Lo and behold, the following year I had the good fortune to travel to France and see many gardens in and around Paris. One garden we visited was off the beaten path in Normandy. I was not expecting a lot as it was a municipal site but once we got in, it blew me away. Around one corner, there was the largest Gunnera that I had ever seen in my life. This plant was easily 12 feet tall and 15 feet across. The leaves were enormous. Since none of my friends were nearby, I ran around until I found one and asked that they take my picture in front of the plant.

Gunnera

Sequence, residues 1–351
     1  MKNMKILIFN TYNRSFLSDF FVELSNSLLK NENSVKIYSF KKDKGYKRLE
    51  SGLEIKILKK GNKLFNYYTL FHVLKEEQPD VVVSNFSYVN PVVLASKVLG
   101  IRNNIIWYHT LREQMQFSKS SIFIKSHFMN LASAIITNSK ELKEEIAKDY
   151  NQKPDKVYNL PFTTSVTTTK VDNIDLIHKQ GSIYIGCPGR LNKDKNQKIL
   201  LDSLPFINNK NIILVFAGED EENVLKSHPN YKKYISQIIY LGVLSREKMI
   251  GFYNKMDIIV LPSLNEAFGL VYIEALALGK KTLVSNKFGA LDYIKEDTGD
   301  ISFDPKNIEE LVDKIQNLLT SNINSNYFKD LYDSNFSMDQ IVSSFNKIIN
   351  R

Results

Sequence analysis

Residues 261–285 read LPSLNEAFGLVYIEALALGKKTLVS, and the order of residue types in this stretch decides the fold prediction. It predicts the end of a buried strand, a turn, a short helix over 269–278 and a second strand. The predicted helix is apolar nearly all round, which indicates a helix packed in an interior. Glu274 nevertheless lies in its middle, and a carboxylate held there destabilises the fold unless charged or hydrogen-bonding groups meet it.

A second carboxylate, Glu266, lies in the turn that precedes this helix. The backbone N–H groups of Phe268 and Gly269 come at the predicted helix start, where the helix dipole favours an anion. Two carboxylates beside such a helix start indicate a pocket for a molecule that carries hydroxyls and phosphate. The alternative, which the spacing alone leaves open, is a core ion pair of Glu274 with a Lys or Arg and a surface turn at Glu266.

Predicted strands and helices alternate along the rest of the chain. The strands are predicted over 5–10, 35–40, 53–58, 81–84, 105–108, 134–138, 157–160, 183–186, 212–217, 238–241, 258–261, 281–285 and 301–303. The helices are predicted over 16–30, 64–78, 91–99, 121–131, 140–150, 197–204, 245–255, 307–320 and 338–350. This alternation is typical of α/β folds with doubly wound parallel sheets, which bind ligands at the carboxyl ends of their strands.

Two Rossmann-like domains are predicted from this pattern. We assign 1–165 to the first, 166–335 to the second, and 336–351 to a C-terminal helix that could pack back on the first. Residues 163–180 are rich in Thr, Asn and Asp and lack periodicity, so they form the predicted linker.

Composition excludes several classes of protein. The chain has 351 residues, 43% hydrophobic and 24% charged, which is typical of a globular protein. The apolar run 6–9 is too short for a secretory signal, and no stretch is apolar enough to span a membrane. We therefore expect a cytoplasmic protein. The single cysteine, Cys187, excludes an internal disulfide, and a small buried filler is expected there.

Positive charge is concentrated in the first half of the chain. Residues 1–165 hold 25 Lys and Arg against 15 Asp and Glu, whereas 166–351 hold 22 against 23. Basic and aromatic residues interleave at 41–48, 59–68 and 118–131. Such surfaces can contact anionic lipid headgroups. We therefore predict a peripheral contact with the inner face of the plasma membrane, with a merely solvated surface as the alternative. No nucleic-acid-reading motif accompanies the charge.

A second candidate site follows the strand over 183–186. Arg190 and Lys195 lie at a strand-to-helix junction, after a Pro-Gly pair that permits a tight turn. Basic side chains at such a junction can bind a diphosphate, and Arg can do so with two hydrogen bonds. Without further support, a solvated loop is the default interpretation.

Both of these plants were Gunnera manicata, which is native to southern Brazil. Gunnera tinctoria is another notable species which is native to southern Chile. I would think that G. tinctoria would be hardier and might survive our winters a bit better than G. manicata. We were growing G. manicata in our USDA zone 6a gardens at Coastal Maine for a couple of years until a really cold winter finally did it in. We supposedly have a much hardier strain which we planted in the gardens this summer. I hope that the plant has had enough time to root in and become somewhat established before the onset of winter. I am also on the hunt for some superb forms of G. tinctoria to try. I just read that it has escaped cultivation in Ireland and New Zealand to the point of becoming a noxious weed in some areas. Once we do find seed or plants of Gunnera tinctoria, it will be grown in an area where we can keep a close eye on its behavior. Being able to find a Gunnera that will not only grow but thrive in our Maine climate has become somewhat of a quest for the Holy Grail. I have heard that a hardy form exists and we are on a lifelong search to prove that it exists.